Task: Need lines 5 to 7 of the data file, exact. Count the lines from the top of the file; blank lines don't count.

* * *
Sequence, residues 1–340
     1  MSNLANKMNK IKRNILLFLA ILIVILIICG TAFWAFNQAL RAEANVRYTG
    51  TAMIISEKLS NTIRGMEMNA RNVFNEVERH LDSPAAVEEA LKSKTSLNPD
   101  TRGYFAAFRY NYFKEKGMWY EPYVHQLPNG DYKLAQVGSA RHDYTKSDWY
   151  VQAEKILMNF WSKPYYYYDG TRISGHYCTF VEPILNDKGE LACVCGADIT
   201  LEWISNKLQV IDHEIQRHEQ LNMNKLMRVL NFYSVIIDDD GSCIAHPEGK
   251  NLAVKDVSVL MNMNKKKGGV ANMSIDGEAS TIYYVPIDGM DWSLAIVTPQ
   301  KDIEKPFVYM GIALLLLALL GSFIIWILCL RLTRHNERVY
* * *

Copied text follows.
   151  VQAEKILMNF WSKPYYYYDG TRISGHYCTF VEPILNDKGE LACVCGADIT
   201  LEWISNKLQV IDHEIQRHEQ LNMNKLMRVL NFYSVIIDDD GSCIAHPEGK
   251  NLAVKDVSVL MNMNKKKGGV ANMSIDGEAS TIYYVPIDGM DWSLAIVTPQ